Are the most innovative companies just the ones with the most data?
Writing for Harvard Business Review, Viktor Mayer-Schönberger and Thomas Ramge argue that decisions and so product innovation is now driven by data
rather than human “aha-moments”. 💭 Although this shift needs to be addressed to keep markets competitive and respect customer privacy, this must be done “without stifling data-driven innovation
” and progress. 💯 Whatsmore:
For many innovative companies, the next few years will be a time of reckoning: as the power of data-driven innovation increases, these more conventional innovators will have to find access to data to continue to innovate. That necessitates at least two huge adjustments.
First, they need to reposition themselves in the data value chain to gain and secure data access. That’s difficult if, for instance, all the data is captured upstream in the data value chain. Just ask suppliers in car manufacturing, or book publishers.
Second, as innovation moves from human insight to data-driven machine learning, firms need to reorganize their internal innovation culture, emphasizing machine learning opportunities and putting in place data exploitation processes.
Equifax hack might be worse than you think.
AnnaMaria Andriotis reports for the Wall Street Journal on a disclosure by Equifax
on additional customer information which was breached last year, such as “tax identification numbers, email addresses and driver’s license information”. 🙈 This again highlights the dangers of vast amounts of personal information
being held by one company:
The disclosure comes some five months after Equifax said it had been breached and personal information belonging to 145.5 million consumers had been compromised, including names, Social Security numbers, dates of birth and addresses. The fact that hackers accessed even more data shows both the vast amount of information that Equifax holds and the risks at stake for consumers given the level of personal information that has been compromised.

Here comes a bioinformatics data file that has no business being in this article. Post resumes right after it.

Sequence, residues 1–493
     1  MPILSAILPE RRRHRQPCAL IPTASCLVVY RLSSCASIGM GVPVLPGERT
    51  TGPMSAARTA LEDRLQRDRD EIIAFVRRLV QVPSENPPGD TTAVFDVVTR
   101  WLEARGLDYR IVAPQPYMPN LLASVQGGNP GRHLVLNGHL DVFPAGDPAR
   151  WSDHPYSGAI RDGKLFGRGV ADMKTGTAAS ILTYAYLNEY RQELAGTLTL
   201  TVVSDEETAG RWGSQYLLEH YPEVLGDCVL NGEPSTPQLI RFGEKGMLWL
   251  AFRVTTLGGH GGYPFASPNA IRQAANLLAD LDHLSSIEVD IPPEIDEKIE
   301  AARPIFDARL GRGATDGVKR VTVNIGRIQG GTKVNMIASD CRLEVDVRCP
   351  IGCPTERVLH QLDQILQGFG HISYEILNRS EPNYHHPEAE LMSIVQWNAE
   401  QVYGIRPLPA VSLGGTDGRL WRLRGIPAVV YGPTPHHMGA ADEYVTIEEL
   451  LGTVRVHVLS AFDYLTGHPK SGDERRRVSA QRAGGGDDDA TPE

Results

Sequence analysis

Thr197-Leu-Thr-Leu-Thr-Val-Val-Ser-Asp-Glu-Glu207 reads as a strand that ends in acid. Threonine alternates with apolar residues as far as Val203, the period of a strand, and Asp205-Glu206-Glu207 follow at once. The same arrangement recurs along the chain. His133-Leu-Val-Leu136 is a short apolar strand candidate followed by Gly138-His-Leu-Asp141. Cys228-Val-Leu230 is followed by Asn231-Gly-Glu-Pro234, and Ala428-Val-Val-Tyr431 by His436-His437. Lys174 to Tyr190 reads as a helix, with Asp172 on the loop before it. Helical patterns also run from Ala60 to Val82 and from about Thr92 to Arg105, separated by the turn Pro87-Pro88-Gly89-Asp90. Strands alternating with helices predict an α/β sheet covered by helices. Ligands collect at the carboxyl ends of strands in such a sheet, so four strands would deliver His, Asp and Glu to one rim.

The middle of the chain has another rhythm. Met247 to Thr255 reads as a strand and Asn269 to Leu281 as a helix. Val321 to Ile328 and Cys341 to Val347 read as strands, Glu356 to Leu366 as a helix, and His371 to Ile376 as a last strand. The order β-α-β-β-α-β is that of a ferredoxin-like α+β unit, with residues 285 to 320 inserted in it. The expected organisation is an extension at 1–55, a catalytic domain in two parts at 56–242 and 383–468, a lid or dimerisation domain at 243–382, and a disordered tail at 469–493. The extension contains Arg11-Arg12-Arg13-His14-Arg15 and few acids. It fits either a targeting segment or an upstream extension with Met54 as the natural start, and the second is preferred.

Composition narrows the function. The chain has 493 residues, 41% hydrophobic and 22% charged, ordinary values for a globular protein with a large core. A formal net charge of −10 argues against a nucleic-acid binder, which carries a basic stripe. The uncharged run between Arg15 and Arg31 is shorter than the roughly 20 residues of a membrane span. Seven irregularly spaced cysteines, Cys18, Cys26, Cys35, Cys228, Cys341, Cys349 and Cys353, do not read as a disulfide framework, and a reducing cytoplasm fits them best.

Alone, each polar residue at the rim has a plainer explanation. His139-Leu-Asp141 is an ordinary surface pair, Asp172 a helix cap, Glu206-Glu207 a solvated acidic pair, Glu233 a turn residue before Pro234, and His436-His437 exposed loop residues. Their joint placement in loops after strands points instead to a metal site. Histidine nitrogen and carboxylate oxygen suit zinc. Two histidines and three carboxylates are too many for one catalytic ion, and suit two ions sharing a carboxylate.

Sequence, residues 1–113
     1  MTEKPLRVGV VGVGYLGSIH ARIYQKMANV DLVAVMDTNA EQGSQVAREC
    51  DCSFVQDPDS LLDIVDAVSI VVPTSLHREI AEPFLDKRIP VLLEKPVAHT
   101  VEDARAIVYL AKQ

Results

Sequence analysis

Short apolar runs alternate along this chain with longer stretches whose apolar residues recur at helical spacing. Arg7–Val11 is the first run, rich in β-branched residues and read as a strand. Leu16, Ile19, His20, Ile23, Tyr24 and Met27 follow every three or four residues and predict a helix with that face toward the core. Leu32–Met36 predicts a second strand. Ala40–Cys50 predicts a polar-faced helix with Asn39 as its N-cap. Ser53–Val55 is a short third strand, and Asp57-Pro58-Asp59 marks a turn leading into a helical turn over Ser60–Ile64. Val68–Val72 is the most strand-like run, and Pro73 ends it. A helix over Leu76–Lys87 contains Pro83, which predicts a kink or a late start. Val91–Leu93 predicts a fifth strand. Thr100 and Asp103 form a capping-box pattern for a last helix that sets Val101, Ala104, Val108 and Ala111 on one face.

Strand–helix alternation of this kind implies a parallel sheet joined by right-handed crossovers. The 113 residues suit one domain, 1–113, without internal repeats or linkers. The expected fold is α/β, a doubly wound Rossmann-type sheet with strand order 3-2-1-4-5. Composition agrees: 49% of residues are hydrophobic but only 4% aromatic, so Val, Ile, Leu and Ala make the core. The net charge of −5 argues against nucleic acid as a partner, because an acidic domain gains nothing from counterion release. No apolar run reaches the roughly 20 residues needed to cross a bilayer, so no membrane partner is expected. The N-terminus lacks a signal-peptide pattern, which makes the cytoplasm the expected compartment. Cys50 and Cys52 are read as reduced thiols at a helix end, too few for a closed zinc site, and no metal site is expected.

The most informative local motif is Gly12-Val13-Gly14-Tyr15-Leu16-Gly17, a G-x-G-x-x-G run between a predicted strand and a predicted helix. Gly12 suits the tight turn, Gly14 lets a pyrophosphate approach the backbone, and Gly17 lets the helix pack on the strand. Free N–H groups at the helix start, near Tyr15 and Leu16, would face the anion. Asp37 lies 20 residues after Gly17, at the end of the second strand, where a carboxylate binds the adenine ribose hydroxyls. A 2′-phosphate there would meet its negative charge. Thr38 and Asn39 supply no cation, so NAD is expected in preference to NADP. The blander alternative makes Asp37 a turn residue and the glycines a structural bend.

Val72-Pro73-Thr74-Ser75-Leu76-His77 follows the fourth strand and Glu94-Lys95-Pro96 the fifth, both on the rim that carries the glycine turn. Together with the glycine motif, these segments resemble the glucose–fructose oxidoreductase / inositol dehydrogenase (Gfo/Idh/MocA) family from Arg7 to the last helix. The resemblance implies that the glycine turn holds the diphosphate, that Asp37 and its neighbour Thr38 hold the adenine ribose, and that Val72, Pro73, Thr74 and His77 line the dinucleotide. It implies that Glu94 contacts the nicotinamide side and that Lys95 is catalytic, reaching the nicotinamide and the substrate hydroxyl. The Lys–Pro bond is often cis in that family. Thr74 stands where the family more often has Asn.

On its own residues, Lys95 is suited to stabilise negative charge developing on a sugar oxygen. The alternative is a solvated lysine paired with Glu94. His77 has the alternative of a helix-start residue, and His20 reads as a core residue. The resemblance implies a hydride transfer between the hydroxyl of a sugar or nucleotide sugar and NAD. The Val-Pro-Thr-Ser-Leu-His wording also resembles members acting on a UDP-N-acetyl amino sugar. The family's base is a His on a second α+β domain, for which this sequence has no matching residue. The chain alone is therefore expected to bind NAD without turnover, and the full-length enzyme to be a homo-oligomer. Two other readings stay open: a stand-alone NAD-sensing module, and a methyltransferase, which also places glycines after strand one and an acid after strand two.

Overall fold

Amazon and Facebook fare badly in personal data test.
The FT’s Barney Thompson explains how well 6 large companies responded when challenged on their readiness
on both the 1998 Data Protection Act and the GDPR. The global finance newspaper sent them “subject access requests
” and, interestingly, “two huge companies - Amazon and Facebook - did not reply to the written requests”. 🤔
– This contradicts the assumption that “large companies which are used to handling data and can afford data protection teams are likely to be the most prepared to comply with the incoming regulations
, while small and medium-sized businesses will struggle”. 🔍 –> GDPR is coming
, and data management platforms are in the crosshairs.
All the data we lost to incompatible APIs.
Pritam Roy questions whether
we are heading towards a data black-hole, as “the systems of the future will not be able to render the files of the present”. 🔮 Food for thought:
As we are creating more data, we are also erasing our past often permanently. If a consumer web company gets acquired or liquidates, it has no incentive to keep it’s data centers running as what happened when Home automation company Revolv got acquired by Google Nest and its automation hub was shut down leaving owners of the smart home product feeling pretty dumb about their decision. Similarly a bank or a financial institution may have no incentive to keep transaction records beyond what is needed by business and regulatory requirements.
Consider that almost none of the popular blogs, or social media platforms that we see today will be around in 50 years, it’s hard to imagine what will happen to all the data that these companies would have amassed over the years. The data that would have been chronicles of our life and times.